“Evening News”, in Sydney published an article on the film after the death of William Gibson, who put £400 of his own money into the production, on 8th October 1929. As per the article, Gibson considered his actors as very good, except when it came to horsemanship. In William Gibson’s own words, “When it came to horsemanship, they were partial to merry go rounds. They commandeered chairs to mount their steeds, and in the middle of an exciting chase, I remember my Ned Kelly galloping past the camera yelling, “What do I do, when I want to stop my horse?”.
The article continues,
“Nominally the job of property master, wardrobe man, and scenic artist fell to Sammie Cruse, and there was nothing he would not try to do. When the Glenrowan hotel had to be burned down, Sammie volunteered to light smoke bombs in the building. The camera cranked; the priest made heroic attempts to rescue, according to the scenario; but the man who needed rescue was forgotten. Right at the thrilling point of the rescue, however Sammie staggered out and fell unconscious – suffocated by his own smoke bombs.
The original actor who played the role of Ned Kelly left before the shooting was finished and the final scenes were played by doubles hiding their face behind the armour.
The Kelly Gang, film made Box office History in Melbourne. In Sydney, initially no theatres were available for screening. Eventually a location was leased in the vicinity of Haymarket, where Capitol now stands. The film opened there one Saturday night to about 3000 people in the open air. For such a start, no one can blame the sponsors for believing their fortunes were made; then on Sunday morning it commenced to rain and never stopped for 9 weeks.
It is generally believed that E.J.Tait and his brothers – the powerful Taits of J.C Williamson Ltd – acted in The Kelly Gang. This is not so, but the picture opened their eyes to the possibilities of local production.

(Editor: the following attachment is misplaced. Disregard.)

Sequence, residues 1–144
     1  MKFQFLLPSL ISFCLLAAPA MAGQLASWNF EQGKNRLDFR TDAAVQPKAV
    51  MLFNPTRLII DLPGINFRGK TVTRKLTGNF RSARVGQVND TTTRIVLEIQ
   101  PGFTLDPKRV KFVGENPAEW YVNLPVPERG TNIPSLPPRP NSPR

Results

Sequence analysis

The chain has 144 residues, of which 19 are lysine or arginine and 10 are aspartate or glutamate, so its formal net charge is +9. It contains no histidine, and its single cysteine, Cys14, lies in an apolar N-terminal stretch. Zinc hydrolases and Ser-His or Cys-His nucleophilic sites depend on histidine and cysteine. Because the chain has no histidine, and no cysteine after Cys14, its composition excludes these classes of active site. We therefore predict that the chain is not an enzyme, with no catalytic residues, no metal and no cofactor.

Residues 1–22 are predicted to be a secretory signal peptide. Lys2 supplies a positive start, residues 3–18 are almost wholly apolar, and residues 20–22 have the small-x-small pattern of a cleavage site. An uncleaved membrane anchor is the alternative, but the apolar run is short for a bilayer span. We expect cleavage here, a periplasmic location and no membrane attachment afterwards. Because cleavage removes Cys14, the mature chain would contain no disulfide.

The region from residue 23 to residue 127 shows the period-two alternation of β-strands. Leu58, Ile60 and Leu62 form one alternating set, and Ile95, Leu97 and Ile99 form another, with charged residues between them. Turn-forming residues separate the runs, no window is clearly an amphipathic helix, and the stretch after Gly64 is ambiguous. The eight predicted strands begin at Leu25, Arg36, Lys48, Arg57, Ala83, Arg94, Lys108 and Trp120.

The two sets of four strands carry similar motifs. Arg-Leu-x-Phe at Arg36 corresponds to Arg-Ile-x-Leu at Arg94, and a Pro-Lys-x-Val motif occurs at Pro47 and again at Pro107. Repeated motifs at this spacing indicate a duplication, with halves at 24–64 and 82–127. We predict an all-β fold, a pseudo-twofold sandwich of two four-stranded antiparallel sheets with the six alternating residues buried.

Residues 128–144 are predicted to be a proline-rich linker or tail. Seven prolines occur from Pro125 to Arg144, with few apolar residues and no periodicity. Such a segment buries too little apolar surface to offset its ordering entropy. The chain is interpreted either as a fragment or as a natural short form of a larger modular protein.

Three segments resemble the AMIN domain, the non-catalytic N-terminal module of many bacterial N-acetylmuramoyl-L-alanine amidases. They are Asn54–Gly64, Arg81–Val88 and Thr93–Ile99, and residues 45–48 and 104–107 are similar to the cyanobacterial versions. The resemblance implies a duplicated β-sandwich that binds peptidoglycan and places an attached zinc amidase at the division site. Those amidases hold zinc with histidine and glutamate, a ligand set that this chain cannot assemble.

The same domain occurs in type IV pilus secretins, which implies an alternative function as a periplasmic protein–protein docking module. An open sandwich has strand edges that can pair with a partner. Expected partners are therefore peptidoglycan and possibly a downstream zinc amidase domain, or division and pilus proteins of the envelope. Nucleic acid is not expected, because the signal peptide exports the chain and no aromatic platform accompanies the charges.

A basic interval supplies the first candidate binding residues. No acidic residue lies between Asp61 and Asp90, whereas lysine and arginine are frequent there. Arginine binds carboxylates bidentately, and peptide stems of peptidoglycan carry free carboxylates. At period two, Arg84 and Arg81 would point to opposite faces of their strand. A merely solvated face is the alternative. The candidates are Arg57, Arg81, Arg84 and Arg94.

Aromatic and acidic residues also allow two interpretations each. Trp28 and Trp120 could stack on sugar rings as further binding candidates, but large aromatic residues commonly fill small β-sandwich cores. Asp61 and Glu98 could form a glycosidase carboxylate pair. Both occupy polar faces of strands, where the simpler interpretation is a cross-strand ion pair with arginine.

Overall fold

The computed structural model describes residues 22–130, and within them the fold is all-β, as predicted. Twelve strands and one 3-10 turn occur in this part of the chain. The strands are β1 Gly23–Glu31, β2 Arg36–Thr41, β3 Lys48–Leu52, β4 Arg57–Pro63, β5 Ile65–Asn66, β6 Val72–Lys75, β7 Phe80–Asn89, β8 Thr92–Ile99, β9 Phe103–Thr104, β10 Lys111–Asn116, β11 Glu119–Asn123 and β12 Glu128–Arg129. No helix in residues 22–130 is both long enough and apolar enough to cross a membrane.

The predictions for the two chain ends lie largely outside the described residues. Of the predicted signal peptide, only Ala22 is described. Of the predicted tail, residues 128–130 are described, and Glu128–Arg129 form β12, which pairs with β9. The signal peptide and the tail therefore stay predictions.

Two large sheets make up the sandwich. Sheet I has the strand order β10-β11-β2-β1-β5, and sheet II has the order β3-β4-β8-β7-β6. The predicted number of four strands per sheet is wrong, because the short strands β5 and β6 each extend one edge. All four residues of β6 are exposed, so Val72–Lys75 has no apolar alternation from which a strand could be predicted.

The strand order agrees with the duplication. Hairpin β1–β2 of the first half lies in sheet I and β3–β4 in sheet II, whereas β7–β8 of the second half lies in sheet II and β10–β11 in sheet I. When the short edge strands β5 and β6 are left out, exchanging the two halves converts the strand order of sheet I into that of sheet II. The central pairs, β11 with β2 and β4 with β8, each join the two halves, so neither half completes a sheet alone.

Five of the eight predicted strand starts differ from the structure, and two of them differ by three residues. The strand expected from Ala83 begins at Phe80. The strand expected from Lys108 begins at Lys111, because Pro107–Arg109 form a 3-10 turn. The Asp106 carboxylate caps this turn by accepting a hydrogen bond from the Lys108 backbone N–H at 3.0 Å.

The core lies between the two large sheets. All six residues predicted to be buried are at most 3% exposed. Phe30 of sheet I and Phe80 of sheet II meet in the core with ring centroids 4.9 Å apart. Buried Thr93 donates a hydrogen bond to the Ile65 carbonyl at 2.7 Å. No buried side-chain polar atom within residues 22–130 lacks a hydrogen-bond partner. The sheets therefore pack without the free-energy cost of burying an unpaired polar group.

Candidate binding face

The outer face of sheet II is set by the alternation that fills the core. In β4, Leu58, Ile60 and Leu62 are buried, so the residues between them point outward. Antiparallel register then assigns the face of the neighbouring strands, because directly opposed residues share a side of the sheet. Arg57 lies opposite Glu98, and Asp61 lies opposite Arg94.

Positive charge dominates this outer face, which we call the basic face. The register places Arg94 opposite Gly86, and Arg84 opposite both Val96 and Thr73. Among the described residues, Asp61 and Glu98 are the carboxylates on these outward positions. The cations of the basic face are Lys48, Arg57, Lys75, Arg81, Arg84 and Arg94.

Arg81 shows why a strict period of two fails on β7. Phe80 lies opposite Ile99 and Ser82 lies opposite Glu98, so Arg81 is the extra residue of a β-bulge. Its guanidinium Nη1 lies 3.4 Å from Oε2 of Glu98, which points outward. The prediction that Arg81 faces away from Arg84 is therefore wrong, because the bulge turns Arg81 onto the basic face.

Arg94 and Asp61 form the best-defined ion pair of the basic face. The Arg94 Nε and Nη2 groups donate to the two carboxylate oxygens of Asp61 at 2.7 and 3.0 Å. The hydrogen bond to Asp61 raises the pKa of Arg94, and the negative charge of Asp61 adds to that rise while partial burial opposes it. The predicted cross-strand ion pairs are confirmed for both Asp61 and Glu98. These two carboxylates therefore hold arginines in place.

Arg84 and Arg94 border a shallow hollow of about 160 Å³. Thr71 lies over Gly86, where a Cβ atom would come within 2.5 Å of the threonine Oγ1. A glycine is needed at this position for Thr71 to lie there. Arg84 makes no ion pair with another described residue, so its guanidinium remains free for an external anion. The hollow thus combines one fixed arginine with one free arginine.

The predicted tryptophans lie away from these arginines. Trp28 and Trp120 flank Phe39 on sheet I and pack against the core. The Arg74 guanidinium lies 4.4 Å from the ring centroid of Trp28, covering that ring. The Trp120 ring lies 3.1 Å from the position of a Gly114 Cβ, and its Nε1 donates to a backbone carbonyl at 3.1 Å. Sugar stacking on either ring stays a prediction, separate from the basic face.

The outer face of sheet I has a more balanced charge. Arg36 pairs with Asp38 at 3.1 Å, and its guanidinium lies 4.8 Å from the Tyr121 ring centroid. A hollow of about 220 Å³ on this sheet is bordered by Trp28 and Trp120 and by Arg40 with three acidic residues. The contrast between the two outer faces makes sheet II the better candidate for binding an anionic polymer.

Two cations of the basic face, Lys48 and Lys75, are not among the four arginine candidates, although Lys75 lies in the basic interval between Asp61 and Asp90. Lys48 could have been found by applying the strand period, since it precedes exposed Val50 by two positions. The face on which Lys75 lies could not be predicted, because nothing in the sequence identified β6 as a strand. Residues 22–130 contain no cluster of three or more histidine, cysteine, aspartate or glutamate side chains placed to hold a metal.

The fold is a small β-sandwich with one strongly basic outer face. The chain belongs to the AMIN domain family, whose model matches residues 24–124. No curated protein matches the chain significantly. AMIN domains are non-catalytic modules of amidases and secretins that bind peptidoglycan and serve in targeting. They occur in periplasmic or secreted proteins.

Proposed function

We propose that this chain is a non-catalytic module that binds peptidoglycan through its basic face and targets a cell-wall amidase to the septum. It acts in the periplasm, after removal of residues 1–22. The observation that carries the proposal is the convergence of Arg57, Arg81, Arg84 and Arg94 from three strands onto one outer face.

E.J. Carrol, who had never thought of pictures before, travelled from Brisbane to Melbourne to convince himself that the stories he heard of Kelly Gang’s success were correct. He saw crowd waiting to get in at all hours. He bought the Queensland rights and went onto become power in the Australian entertainment world.
In May 1907, the movie was banned by Victorian Chief secretary in Benalla and Wangaratta, the towns with strong Kelly connection after reports that the movie inspired five school children in Ballarat to break into a studio to steal money, after which they bailed up a group of school children at gun point.
The film that was lost and then found
The film was believed to have lost completely until the mid-1970. In 1976, five frames of the film were discovered when Adelaide film collector Vic Reeve identified them in a collection, he acquired few years before. A further few roles were found by cleaning contractors from the house of late Ernest Goldhawk, a film collector and silent-era exhibitor in 1978. In 1981, around 400 feet of decomposed release print was discovered in a Melbourne rubbish dump by children, some of which were saved. The hostage scenes at Younghusband homestead, was found in the UK in 2006. National Film and Sound Archive, in collaboration with technical labs in Amsterdam, digitally restored, frame by frame, The Story of the Kelly Gang in 2006 and it was released on DVD in 2007. The restored film is around 17 minutes long. The rest are lost forever.